ARP is layer 2. The reason being is that a broadcast is sent on layer 2 (data link layer) and ARP will normally not traverse to layer 3 (network layer). However it can provide extra features to the layer 3 protocol.
The truth is that not all protocols fit the OSI model exactly, because after all it's just a model. If you really want to push it into a spot I'd say ARP is a layer 2.5 protocol. It fits layer 2, but doesn't fit layer 3 completely.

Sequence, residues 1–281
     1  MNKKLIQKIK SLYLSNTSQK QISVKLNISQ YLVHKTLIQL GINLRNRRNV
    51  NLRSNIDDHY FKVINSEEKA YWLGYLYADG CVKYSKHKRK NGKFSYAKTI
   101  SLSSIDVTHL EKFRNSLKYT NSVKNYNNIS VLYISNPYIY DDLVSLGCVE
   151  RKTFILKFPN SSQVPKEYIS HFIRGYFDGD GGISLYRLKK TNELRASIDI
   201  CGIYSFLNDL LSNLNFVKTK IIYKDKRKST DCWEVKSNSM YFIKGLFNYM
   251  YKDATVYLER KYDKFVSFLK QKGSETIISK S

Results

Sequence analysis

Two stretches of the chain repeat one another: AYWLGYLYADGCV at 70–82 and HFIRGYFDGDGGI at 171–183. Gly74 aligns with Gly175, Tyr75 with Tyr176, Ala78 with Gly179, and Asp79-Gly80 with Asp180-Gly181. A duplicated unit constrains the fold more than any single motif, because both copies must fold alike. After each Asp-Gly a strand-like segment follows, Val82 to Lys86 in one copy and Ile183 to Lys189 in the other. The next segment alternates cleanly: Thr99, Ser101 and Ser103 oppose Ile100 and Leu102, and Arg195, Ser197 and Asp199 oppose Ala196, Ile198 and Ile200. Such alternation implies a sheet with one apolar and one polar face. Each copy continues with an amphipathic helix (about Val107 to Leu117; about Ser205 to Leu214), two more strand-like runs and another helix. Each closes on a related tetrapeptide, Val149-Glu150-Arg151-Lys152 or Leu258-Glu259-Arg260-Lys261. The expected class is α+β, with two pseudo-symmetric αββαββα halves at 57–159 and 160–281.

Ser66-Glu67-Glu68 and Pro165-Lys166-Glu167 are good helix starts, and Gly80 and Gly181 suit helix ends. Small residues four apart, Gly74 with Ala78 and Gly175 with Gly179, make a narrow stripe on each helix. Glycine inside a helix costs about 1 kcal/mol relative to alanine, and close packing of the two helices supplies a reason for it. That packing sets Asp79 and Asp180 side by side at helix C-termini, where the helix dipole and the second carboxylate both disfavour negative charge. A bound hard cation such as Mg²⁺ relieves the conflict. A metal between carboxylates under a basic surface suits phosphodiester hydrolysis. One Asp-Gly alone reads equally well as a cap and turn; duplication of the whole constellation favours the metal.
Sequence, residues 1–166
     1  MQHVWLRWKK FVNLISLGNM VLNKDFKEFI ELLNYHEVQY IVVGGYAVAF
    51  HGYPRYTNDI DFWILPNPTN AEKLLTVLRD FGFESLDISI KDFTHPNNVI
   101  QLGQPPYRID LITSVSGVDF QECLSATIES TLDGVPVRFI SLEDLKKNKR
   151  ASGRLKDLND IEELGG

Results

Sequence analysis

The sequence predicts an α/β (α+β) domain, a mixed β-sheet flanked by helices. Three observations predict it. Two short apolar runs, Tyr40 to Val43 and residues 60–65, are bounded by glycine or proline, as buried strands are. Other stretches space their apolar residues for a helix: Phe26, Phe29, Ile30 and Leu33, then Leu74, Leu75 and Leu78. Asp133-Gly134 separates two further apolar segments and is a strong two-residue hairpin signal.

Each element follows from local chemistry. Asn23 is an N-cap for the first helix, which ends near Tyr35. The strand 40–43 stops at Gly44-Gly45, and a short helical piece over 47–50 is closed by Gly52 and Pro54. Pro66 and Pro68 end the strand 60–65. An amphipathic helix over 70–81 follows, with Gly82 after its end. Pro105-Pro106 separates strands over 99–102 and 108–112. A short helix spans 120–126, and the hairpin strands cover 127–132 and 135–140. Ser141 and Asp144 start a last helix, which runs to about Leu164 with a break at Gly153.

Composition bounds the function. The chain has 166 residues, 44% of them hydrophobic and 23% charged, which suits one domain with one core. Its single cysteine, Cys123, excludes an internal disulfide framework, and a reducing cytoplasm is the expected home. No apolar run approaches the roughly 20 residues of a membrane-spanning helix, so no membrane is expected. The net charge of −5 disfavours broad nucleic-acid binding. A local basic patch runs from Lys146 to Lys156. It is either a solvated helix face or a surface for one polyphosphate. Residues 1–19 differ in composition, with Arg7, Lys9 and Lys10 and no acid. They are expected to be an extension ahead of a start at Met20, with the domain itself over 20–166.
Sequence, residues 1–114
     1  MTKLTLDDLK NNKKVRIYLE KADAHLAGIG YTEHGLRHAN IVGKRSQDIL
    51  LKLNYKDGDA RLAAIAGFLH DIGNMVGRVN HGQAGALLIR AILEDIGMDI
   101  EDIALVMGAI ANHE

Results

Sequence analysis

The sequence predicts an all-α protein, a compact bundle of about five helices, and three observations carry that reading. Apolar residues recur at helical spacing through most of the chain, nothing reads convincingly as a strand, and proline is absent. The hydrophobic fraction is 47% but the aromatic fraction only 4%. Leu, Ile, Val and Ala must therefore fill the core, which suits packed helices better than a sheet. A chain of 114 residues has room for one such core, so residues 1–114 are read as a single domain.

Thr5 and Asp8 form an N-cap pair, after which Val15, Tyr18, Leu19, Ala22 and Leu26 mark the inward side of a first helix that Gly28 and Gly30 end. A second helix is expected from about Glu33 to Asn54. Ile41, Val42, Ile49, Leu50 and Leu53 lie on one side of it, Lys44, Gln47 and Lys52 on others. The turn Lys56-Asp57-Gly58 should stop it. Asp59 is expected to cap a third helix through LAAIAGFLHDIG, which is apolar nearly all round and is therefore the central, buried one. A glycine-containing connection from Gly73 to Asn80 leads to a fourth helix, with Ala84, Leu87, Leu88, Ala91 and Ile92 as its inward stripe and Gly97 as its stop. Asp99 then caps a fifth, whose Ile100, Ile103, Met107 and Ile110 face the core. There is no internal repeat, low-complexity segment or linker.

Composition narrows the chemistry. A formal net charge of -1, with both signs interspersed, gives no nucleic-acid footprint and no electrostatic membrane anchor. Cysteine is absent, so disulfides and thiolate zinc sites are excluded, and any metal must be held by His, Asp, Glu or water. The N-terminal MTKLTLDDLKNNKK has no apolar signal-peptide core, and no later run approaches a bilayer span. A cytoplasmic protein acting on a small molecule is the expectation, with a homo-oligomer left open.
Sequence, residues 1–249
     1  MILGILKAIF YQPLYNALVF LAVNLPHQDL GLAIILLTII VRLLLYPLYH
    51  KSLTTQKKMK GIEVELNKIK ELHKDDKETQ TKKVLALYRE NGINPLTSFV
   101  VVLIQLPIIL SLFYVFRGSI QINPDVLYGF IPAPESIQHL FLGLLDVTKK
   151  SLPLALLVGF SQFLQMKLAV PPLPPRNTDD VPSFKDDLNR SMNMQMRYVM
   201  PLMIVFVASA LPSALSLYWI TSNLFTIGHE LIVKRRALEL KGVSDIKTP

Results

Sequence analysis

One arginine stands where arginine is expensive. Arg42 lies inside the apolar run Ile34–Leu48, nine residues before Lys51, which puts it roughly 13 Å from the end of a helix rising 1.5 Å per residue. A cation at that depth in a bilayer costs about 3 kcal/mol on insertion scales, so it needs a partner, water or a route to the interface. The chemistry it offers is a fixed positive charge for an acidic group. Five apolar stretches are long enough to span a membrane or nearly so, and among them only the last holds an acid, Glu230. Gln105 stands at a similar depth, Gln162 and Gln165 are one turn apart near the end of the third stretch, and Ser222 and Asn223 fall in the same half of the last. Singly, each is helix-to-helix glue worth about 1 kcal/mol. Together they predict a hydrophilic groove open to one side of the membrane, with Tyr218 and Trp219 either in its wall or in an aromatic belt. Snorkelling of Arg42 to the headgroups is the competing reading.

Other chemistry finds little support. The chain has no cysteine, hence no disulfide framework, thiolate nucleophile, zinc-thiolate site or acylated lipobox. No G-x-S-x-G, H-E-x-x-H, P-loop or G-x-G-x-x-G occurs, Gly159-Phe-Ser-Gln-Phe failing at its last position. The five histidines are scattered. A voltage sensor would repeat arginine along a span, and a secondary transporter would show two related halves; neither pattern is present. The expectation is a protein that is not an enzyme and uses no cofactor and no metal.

The same discussion is often held about ICMP and where it fits in: layer 3 or layer 4.
A good explanation on these exceptions is:
Normally, a protocol from layer N+1 is encapsulated with the header of
the protocol from Layer N, but protocols like arp, stp, cdp, icmp and igmp
are exceptions because are encapsulated with a header of a protocol
from the same layer.